After you determine what your clients’ assumptions are about selling their home, you can go over how the process typically unfolds. Walk them through how pricing is determined, print out all comparable listings and sales and point out how the properties differ from their own. Identify what the value of their home is based on the data, and if they seem confused or resistant, explain why it’s more or less valuable than each of the comparable properties. Discuss the average time on market and show how long it usually takes homes in their neighborhood to sell. Managing your clients’ expectations will be far easier if you use the data available to you as evidence.

4. Be Firm About Pricing

Presenting clients with comparable sales is the first step in helping them understand the true value of their home. However, not all clients are willing to believe the data. When clients stubbornly insist that their homes are worth more than the recommended listing price, many agents ignore their better judgment. Nervous about losing the listing as a result of disagreeing with their clients, commonly agents will list the property for more than they know it’s worth and watch as it grows stale on the market.

When homes are knowingly listed at the wrong price point, no one wins. The longer the home sits on the market, the more dubious potential buyers become about viewing it. By the time you drop the price, the listing has already lost all momentum. And sellers blame you for the lack of offers they’ve received. The best way around this dilemma is to be transparent with your clients from the very beginning.

“Demonstrating your knowledge of all that makes up the property, including finishes and details of the construction, will give the client the comfort they need to trust your opinion as educated. There is an art to pricing for certain, but a sound and complete reason behind the price an agent recommends is something most sellers will recognize and respect,” says Di Bari. “If, in the end, an agreement of price cannot be reached, it is incumbent upon the agent to walk away as opposed to mispricing, which in the end is a disservice to the client.”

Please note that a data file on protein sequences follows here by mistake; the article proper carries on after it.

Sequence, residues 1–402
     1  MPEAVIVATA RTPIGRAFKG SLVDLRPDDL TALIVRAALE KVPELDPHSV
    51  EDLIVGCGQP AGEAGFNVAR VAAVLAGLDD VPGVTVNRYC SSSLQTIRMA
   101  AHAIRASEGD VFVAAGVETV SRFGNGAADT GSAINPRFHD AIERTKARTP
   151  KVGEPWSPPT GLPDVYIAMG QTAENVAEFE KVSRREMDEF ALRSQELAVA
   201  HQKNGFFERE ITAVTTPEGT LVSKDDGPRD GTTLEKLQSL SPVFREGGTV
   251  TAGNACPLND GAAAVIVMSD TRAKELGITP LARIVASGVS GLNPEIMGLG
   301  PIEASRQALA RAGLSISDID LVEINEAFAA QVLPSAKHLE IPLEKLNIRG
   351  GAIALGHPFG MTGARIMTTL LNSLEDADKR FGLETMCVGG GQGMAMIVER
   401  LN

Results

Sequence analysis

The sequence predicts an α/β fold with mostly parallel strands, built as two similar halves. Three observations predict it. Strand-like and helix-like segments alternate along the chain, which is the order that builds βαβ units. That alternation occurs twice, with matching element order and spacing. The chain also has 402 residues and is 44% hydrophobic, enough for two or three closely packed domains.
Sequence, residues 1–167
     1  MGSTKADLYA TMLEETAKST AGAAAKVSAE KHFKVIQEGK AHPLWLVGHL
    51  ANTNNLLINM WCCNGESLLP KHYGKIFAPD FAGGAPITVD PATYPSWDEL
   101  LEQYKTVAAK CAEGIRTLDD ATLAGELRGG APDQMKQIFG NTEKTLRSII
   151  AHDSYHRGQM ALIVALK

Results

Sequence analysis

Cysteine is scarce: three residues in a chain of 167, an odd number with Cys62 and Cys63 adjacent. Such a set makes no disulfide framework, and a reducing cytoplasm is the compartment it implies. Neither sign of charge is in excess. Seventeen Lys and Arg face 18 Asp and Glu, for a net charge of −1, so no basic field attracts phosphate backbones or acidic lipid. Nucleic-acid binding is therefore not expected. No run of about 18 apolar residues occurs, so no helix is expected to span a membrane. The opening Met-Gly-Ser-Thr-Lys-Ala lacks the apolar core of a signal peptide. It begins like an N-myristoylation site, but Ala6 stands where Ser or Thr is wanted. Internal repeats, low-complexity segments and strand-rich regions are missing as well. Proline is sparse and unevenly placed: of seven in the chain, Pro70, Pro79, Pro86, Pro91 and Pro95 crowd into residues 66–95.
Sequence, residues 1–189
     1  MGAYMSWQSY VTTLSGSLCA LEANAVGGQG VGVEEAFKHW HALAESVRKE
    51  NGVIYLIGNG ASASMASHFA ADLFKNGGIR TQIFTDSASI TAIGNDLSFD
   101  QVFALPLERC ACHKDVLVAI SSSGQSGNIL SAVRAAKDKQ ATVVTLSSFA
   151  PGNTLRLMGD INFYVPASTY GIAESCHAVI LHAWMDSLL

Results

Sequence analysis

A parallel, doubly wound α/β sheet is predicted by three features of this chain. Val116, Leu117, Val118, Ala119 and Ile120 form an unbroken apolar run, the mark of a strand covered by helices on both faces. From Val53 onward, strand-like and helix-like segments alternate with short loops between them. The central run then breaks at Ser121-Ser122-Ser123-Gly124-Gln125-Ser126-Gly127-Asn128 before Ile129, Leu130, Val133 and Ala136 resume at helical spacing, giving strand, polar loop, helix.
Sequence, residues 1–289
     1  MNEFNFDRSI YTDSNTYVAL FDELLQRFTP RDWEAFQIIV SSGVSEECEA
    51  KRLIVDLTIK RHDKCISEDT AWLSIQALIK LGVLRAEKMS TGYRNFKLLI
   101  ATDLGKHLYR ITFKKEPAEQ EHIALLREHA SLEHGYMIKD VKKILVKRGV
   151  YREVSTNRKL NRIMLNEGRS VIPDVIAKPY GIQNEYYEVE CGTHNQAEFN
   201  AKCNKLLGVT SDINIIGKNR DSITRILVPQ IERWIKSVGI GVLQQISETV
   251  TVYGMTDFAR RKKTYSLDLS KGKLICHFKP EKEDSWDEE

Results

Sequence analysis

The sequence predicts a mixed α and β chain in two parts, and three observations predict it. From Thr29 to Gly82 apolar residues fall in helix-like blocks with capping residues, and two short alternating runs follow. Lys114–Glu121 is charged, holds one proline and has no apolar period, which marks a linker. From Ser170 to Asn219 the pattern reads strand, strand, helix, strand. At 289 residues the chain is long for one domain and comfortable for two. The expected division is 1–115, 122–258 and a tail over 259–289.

Pricing is a difficult conversation to have, especially when homeowners debate it. However, you must remember that clients are enlisting your help with their properties because you’re the expert; you’re the one who has knowledge of the market. Being respectful but honest with your clients early on will help to build their trust. Whereas listing at their desired price with the intention of proving them wrong will only create tension within your relationship. If you can’t see eye-to-eye at this point in the process, it’s going to be a rocky road ahead, and your chances of repeat business will be far slimmer than your chances of receiving bad reviews.

5. Remain Transparent Throughout The Process

As you show properties, you must provide sellers with updates each step of the way. Selling a home is highly stressful, and clients grow increasingly anxious when they don’t hear from their agents regularly. Seeds of doubt begin to blossom in their minds, causing them to distrust that their agents are dedicated and focused.

You want your clients to remain certain that you’re doing everything in your power to sell their homes. To ensure their certainty, you must be transparent about all of your efforts, as well as buyers’ reactions to their home. Even when the news is grim – or there isn’t anything of interest to note – you need to be forthright.

You can assuage your clients’ fears by “starting with a detailed explanation, even providing a list with each step of the process you will be taking, so they are never wondering what happens next,” explains Carroll. “Communication is a top priority every single step of the way, especially prelaunch and the first couple weeks when their friends and family are asking them how it is going. If they always have an answer when someone asks how it’s going, they will feel much better as they likely feel confident in your ability to sell.”

Give them feedback after every showing and open house, so they know who has seen their home and what each potential buyer has thought of it. Show them how you’re marketing the property, how successful your efforts have been and what you’ll be doing in the future. When lines of communication are open and honest, clients will feel more comfortable leaving their largest investment in your care. And, when their friends and family ask them about the process, they’ll be more likely to recommend your services.

6. Don’t Shy Away From Uncomfortable Conversations

Client objections are common, and the success of your business hinges on your ability to respond to them appropriately. While some agents try to skirt around difficult conversations, doing so can come back to haunt you. Issues that are avoided don’t disappear; they usually escalate.

One of the reasons it’s vital to establish a personal relationship with your clients is that there are many tough conversations that you’ll need to have over the course of selling their home. With easy sales, there’s less need to worry. However, if their home ends up receiving little interest on the market, you’ll find that there are a number of awkward discussions that need to be had.

“There is always a reason if interest is low. Sometimes it leads to uncomfortable conversations, but as an agent who wants the best for their clients, these are the conversations that need to be had in order to keep their best interests in mind,” says Lukasz Kukwa, a real estate advisor with Coldwell Banker Residential Brokerage in Westfield, New Jersey. “Whether it’s the place being unkempt, the price or unrealistic expectations, you need to be honest and assertive in the way you explain it because you are doing the sellers a disservice by not addressing it.”